In Owens v. Crabtree, Opinion No. 5616 (January 16, 2019), the South Carolina Court of Appeals held that a company’s termination of an employee for using company devices, on company time, to oppose a local building project that the company had a financial stake in was valid and did not violate public policy. The holding (1) illustrates the benefits of a written company policy regarding the use (including personal use) of company devices/technology and (2) provides an example of a valid termination that did not violate South Carolina public policy.
ADC is an engineering firm in Mount Pleasant, South Carolina, that has approximately 60 employees in its various engineering divisions. James Owens worked as a construction administrator in ADC’s civil engineering division. Because his job duties required Owens to split time between the field and the office, ADC provided him with a company cell phone and laptop. ADC’s company policy regarding personal use of company technology allowed “[b]rief or incidental use of office technology for personal, non-business purposes . . . as long as it [was] not excessive or inappropriate, and [did] not result in expense or loss to the company.”
In 2011, a local real estate developer undertook the development of a parking garage near Shem Creek, which the appellate court aptly described as “a popular waterfront dining and recreation area known for its picturesque views and historic charm.” Once the project was approved in 2013, the developer hired ADC as the project’s structural engineer. Owens’s division of ADC was not involved in the project.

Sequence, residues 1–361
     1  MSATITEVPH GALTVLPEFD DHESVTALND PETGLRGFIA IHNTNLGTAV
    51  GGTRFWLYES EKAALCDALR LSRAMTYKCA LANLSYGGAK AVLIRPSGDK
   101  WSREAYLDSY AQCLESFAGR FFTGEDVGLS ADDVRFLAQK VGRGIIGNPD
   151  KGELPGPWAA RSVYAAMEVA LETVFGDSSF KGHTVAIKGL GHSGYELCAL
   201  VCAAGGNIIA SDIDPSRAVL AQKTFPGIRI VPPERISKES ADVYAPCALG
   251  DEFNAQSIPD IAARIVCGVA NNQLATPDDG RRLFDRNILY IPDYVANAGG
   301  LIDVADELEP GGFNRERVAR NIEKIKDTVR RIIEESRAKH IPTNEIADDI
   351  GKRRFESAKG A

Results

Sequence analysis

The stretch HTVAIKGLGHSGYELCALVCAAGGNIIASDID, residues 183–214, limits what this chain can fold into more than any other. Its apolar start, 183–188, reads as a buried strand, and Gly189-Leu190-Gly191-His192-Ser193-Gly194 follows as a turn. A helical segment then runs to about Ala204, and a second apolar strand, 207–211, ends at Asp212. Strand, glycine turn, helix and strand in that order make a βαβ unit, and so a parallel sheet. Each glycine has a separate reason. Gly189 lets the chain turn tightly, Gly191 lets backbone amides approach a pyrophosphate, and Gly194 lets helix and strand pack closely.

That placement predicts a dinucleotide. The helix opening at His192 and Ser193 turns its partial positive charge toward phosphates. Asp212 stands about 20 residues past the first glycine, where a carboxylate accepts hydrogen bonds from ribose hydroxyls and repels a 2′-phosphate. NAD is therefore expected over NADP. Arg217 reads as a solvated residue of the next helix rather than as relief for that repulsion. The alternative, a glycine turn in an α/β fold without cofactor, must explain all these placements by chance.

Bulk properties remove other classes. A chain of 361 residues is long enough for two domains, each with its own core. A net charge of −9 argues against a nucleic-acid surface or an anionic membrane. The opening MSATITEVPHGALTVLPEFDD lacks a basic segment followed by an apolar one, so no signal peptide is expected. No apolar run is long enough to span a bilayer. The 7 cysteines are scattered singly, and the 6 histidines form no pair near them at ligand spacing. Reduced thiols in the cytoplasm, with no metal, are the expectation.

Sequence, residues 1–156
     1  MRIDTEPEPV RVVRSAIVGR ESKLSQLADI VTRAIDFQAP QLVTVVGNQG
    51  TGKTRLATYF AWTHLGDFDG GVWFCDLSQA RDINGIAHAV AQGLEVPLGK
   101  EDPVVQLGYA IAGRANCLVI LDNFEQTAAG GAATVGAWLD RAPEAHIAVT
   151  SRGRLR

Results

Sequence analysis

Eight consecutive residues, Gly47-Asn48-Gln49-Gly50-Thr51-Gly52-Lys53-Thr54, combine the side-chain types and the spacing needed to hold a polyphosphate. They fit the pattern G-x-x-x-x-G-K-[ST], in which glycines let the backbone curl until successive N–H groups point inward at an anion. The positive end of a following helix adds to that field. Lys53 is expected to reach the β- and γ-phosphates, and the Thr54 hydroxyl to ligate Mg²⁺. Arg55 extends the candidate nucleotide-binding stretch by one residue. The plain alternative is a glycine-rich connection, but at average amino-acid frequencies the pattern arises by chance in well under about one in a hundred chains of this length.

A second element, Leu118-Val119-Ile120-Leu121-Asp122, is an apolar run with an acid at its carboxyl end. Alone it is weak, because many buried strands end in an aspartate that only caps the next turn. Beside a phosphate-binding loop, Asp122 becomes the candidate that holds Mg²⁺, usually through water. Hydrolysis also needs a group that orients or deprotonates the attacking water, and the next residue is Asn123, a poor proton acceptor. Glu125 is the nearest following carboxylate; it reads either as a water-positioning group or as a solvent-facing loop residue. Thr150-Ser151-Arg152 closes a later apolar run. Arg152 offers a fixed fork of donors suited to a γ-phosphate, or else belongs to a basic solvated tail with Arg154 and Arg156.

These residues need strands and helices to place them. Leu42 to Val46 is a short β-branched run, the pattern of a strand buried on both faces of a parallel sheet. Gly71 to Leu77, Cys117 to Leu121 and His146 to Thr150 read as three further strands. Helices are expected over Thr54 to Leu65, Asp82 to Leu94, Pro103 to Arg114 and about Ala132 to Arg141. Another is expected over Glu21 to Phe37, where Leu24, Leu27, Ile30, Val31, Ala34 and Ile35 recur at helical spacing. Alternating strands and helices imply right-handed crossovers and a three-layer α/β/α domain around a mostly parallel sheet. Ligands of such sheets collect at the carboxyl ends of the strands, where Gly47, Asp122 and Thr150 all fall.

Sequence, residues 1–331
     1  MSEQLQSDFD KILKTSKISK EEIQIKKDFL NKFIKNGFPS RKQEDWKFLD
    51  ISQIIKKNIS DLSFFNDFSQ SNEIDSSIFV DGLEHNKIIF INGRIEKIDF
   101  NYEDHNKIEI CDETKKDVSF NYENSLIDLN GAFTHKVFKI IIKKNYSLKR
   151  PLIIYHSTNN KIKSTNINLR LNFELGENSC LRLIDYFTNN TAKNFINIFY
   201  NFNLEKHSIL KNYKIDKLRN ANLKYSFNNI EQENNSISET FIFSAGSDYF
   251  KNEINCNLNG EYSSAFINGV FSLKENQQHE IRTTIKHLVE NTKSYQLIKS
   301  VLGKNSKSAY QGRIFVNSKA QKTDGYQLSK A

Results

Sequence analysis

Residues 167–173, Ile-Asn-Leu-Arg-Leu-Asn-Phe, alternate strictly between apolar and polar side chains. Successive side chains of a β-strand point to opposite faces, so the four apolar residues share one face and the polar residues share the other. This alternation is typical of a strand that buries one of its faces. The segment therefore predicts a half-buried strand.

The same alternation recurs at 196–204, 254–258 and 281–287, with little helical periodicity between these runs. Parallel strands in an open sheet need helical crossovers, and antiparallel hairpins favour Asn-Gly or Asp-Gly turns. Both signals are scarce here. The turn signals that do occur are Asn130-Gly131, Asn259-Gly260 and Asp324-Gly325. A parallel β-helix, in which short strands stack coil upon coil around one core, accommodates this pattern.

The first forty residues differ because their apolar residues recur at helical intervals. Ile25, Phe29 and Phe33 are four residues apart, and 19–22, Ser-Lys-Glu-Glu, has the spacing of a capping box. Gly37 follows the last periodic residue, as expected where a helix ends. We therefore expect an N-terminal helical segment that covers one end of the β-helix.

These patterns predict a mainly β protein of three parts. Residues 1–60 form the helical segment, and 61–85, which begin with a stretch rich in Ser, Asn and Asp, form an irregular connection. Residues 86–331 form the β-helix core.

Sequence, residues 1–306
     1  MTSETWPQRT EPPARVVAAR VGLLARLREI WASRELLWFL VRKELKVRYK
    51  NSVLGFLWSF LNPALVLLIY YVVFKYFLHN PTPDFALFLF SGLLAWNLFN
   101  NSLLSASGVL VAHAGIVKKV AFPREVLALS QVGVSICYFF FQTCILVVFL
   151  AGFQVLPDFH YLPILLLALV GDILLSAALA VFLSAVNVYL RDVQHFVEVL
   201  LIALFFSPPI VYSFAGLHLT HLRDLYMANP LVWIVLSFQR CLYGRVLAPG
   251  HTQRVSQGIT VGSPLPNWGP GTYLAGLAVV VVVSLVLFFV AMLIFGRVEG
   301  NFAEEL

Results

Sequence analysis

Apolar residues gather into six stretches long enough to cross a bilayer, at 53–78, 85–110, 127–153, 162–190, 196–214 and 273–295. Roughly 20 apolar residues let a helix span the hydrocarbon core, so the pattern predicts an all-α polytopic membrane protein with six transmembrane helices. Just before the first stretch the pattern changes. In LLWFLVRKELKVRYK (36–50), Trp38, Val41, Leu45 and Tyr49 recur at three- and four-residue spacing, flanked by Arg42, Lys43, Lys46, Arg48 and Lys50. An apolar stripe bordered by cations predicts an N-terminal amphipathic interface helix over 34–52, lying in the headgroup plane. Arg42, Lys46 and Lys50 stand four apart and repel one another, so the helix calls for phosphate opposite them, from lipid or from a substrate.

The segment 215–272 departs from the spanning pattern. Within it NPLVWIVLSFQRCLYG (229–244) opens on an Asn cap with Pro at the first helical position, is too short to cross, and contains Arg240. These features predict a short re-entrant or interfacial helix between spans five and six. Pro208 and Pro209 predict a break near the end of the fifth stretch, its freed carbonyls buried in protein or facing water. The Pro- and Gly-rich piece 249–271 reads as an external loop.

Opposition to Shem Creek Project
Many local residents were not pleased with the commercial construction in Shem Creek. One such resident was Owens, who became an outspoken opponent of the Shem Creek project. In his opposition, Owens attended local council meetings, lobbied council members, started a petition to rescind the project, and even started a “Save Shem Creek” corporation. Owens claimed that he was unaware of ADC’s involvement during his opposition efforts, but he also said he met with a partner at ADC in charge of the civil engineering division “out of courtesy” to inform him of his involvement.
In September 2014, the developer of the project learned that Owens was employed by ADC and, in turn, informed ADC that it would be terminated from the project unless ADC fired Owens. ADC elected not to fire Owens at that time—resulting in ADC’s termination from the Shem Creek project. As part of the termination communication, the developer’s attorneys sent a letter to ADC and Owens requiring preservation of evidence on Owens’s ADC devices. At that time, Owens informed ADC partners that he may have used his work devices for matters associated with his opposition to the Shem Creek project, possibly during work hours.
Personal Use of Company Technology. The search of Owens’s work devices revealed several emails sent during work hours regarding his opposition to the Shem Creek project (most sent to his personal email), documents about the project, and numerous texts and calls related to the project. Owens also recruited another ADC employee to help prepare a presentation for a town council meeting. After learning of these findings, ADC terminated Owens’s employment because “it learned that he had used company time, equipment, materials, and employees to engage in ‘an activity that ultimately harmed ADC.’”